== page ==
Summer on the Outer Banks of North Carolina reminds us of what’s important in our lives: family, friends and a meaningful connection to the natural world. There are an unlimited number of opportunities for you to enjoy all that the Outer Banks offers in the warmer months of summer, and Sanderling’s Adventure Concierge is eager to help you with your exploration and experience planning.
Perfect for all fitness and energy levels, biking is a wonderful way to take in the fresh summer air while seeing the Outer Banks sights. There are numerous bike paths near the Sanderling, meandering north to Corolla(10 miles), or south toward Duck 5 miles).
Local to the Sanderling is the historic township of Corolla, N.C. originally a rustic outpost of civilization dating back to the 1870s. Kitty Hawk Kites offers a unique and exciting segway tour of the area—with accompanying training—for those interested in learning more about the history of the area and viewing the numerous renovated landmarks.
KITTY HAWK KITES offers a number of outdoor adventures, including the popular activity of parasailing. Take off by boat from their location in Duck, N.C. to experience a bird’s eye-view—up to 1,200 feet in the air—of the Currituck Sound and Southern Shores. Or venture down to their Manteo waterfront location to try the view over the Roanoke Sound and Nags Head. Kitty Hawk Kites also offers dune hang gliding classes and paragliding lessons, held on the forgiving sand dunes at Jockey’s Ridge State Park in Nags Head.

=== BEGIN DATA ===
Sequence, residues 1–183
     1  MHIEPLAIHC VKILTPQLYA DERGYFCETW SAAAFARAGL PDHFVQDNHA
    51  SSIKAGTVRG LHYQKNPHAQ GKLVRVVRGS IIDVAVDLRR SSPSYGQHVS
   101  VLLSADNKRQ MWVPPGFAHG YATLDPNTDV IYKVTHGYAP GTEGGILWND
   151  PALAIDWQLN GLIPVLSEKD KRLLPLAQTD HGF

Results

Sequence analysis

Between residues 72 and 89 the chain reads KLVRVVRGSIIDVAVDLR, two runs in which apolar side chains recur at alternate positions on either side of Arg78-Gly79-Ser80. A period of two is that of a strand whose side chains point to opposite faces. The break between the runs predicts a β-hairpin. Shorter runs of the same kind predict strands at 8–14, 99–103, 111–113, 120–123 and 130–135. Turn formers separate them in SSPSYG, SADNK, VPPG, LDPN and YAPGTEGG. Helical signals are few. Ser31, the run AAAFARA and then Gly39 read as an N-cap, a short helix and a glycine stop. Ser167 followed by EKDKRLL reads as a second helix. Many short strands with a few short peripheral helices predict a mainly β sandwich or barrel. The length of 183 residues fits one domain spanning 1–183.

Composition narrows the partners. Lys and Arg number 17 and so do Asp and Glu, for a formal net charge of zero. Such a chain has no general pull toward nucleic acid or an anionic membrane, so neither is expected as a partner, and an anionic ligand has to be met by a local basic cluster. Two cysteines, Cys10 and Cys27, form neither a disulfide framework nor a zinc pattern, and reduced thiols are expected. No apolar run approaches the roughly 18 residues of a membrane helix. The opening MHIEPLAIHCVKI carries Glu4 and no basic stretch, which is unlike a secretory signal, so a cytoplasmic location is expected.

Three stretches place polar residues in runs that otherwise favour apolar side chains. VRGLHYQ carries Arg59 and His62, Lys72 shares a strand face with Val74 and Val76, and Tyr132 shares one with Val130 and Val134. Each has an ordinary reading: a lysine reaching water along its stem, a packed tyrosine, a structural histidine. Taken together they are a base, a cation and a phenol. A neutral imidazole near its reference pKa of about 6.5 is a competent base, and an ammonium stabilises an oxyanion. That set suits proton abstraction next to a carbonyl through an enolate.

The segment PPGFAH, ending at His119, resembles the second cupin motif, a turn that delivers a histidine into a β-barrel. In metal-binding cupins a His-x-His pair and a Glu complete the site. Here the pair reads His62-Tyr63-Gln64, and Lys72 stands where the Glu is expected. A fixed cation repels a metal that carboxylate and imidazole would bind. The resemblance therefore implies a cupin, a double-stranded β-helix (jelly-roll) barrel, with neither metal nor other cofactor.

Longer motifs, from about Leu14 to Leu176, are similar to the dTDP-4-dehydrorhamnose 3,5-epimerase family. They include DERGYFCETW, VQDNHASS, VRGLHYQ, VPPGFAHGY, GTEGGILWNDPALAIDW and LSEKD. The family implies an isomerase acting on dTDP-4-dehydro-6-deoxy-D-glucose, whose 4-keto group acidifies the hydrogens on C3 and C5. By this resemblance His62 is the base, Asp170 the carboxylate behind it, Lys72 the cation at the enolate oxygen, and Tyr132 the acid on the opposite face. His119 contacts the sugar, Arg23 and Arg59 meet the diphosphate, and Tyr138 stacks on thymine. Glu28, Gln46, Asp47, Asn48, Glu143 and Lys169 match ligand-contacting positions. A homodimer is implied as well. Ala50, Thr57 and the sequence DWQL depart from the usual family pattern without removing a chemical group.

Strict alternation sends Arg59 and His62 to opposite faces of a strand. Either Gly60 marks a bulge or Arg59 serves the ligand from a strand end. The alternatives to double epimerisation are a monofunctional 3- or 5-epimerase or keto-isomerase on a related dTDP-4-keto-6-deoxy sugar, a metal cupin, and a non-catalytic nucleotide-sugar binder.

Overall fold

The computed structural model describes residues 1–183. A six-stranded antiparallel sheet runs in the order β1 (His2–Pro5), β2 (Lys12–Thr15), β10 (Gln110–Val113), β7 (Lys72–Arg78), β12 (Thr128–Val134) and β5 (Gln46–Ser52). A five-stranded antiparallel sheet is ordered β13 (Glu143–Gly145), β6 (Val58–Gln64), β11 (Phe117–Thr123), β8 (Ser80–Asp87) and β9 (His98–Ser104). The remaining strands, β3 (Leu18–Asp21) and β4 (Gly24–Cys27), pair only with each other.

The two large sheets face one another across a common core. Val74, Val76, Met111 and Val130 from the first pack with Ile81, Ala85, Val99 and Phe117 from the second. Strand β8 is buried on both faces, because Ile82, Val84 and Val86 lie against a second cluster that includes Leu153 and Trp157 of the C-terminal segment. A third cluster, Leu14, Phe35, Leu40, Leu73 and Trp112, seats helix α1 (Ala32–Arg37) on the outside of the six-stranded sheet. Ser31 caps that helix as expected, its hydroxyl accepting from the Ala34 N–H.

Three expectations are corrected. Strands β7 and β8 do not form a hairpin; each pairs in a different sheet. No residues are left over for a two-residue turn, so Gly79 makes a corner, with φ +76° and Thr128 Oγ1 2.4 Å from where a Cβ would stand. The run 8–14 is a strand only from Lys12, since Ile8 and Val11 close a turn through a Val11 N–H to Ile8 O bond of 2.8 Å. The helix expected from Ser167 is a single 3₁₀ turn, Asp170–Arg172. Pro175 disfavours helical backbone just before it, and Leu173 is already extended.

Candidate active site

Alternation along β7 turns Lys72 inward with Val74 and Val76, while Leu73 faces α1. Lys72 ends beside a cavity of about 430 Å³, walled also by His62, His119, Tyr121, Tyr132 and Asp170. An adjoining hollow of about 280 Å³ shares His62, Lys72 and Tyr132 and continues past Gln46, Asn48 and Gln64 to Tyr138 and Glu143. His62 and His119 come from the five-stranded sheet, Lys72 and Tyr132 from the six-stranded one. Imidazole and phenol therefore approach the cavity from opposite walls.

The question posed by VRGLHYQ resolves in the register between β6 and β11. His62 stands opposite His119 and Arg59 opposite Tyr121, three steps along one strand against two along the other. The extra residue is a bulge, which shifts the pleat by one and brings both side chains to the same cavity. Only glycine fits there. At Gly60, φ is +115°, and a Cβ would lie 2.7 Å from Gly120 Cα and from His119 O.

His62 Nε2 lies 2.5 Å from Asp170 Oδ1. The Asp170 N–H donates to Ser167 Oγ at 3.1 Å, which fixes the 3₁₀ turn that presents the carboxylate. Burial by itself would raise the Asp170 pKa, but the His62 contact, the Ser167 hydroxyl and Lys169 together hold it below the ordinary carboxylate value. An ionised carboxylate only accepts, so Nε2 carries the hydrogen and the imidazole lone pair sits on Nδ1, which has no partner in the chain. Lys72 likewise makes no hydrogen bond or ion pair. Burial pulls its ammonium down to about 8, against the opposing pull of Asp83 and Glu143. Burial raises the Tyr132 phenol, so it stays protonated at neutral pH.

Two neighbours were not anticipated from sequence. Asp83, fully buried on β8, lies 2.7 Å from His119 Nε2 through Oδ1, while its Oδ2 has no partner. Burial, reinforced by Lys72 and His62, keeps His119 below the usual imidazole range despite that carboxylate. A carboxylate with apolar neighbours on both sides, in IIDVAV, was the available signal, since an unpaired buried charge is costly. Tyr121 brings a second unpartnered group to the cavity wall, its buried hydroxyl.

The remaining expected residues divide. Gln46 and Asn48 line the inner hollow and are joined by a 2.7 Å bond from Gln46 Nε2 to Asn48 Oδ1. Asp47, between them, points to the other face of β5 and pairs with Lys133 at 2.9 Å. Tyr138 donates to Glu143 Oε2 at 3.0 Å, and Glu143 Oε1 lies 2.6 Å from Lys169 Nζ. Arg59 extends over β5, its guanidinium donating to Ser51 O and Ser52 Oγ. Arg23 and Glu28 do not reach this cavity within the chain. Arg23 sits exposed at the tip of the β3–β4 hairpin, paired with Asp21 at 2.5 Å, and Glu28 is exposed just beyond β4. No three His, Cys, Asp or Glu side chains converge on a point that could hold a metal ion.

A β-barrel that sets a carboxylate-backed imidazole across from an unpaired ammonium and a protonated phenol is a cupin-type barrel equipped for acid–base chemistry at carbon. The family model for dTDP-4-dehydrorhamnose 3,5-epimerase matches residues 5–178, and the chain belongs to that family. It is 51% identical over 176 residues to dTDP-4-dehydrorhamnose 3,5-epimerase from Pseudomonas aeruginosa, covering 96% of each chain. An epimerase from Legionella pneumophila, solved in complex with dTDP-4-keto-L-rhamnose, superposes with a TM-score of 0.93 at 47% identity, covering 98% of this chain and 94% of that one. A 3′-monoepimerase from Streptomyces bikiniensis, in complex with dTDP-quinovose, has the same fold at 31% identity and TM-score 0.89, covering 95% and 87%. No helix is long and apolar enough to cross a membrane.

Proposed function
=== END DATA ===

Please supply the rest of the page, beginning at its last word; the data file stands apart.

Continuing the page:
LIGHTHOUSE TOURS are a wonderful way to see the wider Outer Banks sights in the summertime. Venturing up a winding staircase to the top of a lighthouse rewards climbers with a breath of fresh, salty summer air and stunning views of the surrounding landscape. Visitor’s Centers are chock-full of Outer Banks maritime history and memorabilia. The Currituck Lighthouse, unpainted brick and operational since 1875, is close to the Sanderling and well worth a trip.
HIKING through nature preserves and maritime forests is another ideal summer activity, given the cooler temperatures and refreshing air found amongst the canopies. Pack your picnic from the Sandbar, and walk the trails of Nags Head Woods, Buxton Woods, and Pea Island National Wildlife Refuge.
If the beach and the pools can be left, venture south to Roanoke Island Festival Park, where children of all ages will learn Outer Banks history as they clamber over the Elizabeth II, a representation of one of the seven English ships from the Roanoke voyage of 1585, and wind their way through numerous interactive exhibits and “settlements.” Plan on a showing of the evening outdoor drama, The Lost Colony.
If it’s a hot day and nothing but air conditioning seems right, the North Carolina Aquarium on Roanoke Island could be the perfect spot. Or perhaps a trip to the North Carolina Wildlife Education Center, just up the road from Sanderling in Corolla. The Center, will delight and educate you with its emphasis on regional animals, history and landscapes.